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It's the words! Alice Parker workshop and Robert Shaw


Listen to this.  Do the singers sing a strict ta ta-ti rhythm?  Is this piece sung in a jazz style with swung eighths?  Certainly not!  So why aren't the eighths straight?  

Enter Alice Parker, right hand of the great Robert Shaw and one of the great masterminds behind his famous Robert Shaw Chorale.  And by "mastermind" I don't mean that she knows more about choral singing than anybody else and is a wizard or sorceress.  No, I mean that she has stripped away the layers of bullshit that tend to accumulate on the music most choirs sing and she treats singing as what it is, a poetry-delivery-device!  Alice simplifies music and makes it easy and uncomplicated.  "I always go back to the words," she says.  "We begin and end with the words."

I attended a workshop given by this grand lady and it changed the way I taught my kids right away.  Usually I get excited about several octavos at  the annual choral workshop, but this year, I got extra excited about the pieces I was already singing!  Alice suggested that we chant the words as a group and find the natural rhythm to the words.  We chanted and chanted until we were perfectly together, even with the pre-schoolers!  Children naturally added notes as if they were merely exaggerated inflection and pretty soon we were singing in unison acapella.  We added the music and it was magic.  Listen to the Shenandoah again.  Can you hear how the men really say the words?  Hear how they speak as one voice.  Hear how they use the notes and blending of harmony to shine a spotlight on the words.

This approach is the dead opposite of what I've experienced with many Hungarian dyed-in-the-wool Kodaly teachers.  These teachers have you on solfa right up to the concert!  I brought this up with Dr. Parker during questions, fully expecting to be ostracized by my colleagues for speaking such sacrilege.  I was surprised.  I heard stories of Kodaly and other composers upset with choral singing of their music because they "got the rhythm wrong."  The wrong rhythm was what was printed, the right one was what is actually said.  Dr. Parker reiterated what she had said, "95% of what music is cannot be communicated on the page.  The page is a starting point only."

Making the song all about the words does several things.  It makes diction effortless, it forces vowel agreement, meaning begets phrasing, and beauty is a goal inasmuch as it serves the text.

Painting words

How can we make the word "bleak" sound more bleak?  How can we make the word "moan" sound more like what it means?  How can we make the word "frosty" sound more frosty and "icy" sound like it's actually freezing as we sing it?  I had my students examine "In the bleak midwinter" this way and was amazed at their ability to make the "bl" in "bleak" sound hopeless, the "ee" sound flat and desolate, and the "k" final and cold.  We practiced this word over and over and put it into the song.  We did this with all the words.  We examined how the notes further helped the text come to life.  Our rendition was truly ours.  I listen to the Robert Shaw version and I like ours better.  We really owned the piece and I love that.  I love how the piece became ours because of the work we did together in figuring out what this piece meant to US.  I'm so thankful to Alice Parker for that!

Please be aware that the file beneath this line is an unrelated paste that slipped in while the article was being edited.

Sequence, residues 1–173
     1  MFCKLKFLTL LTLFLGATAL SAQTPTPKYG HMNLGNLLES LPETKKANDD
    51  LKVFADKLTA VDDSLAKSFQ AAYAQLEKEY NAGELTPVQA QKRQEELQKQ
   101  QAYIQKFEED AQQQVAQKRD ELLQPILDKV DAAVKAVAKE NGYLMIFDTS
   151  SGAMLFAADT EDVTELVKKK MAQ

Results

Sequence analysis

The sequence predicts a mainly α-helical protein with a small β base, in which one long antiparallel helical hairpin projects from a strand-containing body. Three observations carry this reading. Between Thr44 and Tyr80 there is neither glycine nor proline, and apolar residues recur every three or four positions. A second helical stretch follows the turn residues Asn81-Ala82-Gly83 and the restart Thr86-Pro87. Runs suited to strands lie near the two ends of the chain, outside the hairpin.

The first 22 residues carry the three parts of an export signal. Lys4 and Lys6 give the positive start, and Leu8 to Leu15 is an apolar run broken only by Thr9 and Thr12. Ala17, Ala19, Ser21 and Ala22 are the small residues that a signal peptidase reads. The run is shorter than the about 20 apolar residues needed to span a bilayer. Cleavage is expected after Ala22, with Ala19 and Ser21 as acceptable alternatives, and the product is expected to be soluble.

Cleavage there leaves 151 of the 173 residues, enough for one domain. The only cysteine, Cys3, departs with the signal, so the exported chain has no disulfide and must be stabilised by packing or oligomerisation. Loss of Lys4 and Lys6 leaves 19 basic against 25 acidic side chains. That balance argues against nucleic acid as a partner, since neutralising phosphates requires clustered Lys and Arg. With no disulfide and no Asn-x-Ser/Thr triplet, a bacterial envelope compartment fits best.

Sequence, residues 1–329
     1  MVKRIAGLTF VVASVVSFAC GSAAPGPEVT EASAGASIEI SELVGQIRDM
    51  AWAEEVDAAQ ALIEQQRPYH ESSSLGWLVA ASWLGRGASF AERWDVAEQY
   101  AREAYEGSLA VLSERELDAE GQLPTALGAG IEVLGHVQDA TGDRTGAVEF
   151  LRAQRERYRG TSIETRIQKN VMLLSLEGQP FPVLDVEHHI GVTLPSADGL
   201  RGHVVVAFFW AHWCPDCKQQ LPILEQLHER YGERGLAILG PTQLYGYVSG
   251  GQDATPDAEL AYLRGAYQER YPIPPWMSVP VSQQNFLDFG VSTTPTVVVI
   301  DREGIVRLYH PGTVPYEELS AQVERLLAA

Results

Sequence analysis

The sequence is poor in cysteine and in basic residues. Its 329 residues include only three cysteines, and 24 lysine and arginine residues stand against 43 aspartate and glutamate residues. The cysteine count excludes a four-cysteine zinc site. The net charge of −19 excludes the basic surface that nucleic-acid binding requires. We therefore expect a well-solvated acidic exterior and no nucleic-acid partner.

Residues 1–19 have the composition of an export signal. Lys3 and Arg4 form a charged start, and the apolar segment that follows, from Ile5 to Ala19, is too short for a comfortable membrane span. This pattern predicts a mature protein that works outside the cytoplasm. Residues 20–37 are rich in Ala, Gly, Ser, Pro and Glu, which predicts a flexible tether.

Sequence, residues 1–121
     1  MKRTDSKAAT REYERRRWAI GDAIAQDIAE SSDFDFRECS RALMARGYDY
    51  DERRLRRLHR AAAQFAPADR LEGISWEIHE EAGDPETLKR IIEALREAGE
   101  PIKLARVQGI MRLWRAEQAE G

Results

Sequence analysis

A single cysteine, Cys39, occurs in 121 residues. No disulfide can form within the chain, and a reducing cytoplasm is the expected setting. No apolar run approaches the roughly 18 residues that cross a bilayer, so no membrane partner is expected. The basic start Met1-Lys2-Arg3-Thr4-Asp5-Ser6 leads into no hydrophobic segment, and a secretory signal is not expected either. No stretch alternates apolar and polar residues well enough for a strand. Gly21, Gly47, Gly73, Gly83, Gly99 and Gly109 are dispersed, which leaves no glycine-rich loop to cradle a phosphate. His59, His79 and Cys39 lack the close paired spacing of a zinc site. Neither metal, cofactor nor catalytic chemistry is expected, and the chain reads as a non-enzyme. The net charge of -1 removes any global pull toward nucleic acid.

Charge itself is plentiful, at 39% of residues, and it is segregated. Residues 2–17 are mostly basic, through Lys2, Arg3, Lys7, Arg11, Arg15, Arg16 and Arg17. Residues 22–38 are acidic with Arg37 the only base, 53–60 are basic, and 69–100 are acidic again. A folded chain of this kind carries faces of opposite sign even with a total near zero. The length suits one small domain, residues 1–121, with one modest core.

So why is it that the definitive recording of the Rachmaninoff Vespers is not by a Russian Choir but by The Robert Shaw Chorale?  Their native language isn't Church Slavonic, nobody's is.  Most of their members are not Orthodox Christians in the Russian tradition.  This is in no way native music for them.  They go to the words!

Huh? 

Well, there are translations, but the most important thing about any music in Church Slavonic is that it is sung prayer.  Unlike Hebrew or other languages that may have been "dead" at one time but for worship, Church Slavonic has never been "alive" outside of prayer in the Russian Orthodox Church.  The most important thing about it is that it exists for prayer and unity.  When Saints Cyril and Methodius went to Slavic lands to bring them the Gospel, they learned dozens of Slavic languages and made up a Creole from all of them.  They wanted to unite Slavs under one church, one God, one custom of worship.  They invented Church Slavonic.  1000 years later, it still endures.  (Fun fact, the term Cyrillic refers to the alphabet developed by Cyril and his brother.)

Church Slavonic
So back to Robert Shaw and Rachmaninoff.  Listen to these two pieces from Rachmaninoff's Vespers, there is one over-arching sentiment in each note, syllable, and phrase, transcendence.  A beauty that can only be devine, an awe that is the sweet dying when confronted with the face of God.  Now I have no doubt that there were Jews, Atheists, Secular Humanists, Baptists, and loads of other non-Russian Orthodox people in Robert Shaw's chorus, but I also know that all of these people were human.  Human beings are made to experience joy and wonder, we see it in children no matter the age, mental capacity, or physical characteristics.  I'm sure that these Slavonic songs were discussed and honed by Shaw's singers with a deep reverence for the deeply reverent. 

As you approach new and old songs with your students, have them speak the words together as one voice.  Discuss how the notes bring out the meaning of the words.  Ask students how each word can sound more like what it means.  Invite discussion on these revelations in diction and phrasing.  Use movement and performance practice to further flesh-out songs.  Help your students make songs their own. 

Comments

Ryan Brodersen said…
Beautiful idea, thanks for sharing!
YAY! Great post! Thanks!

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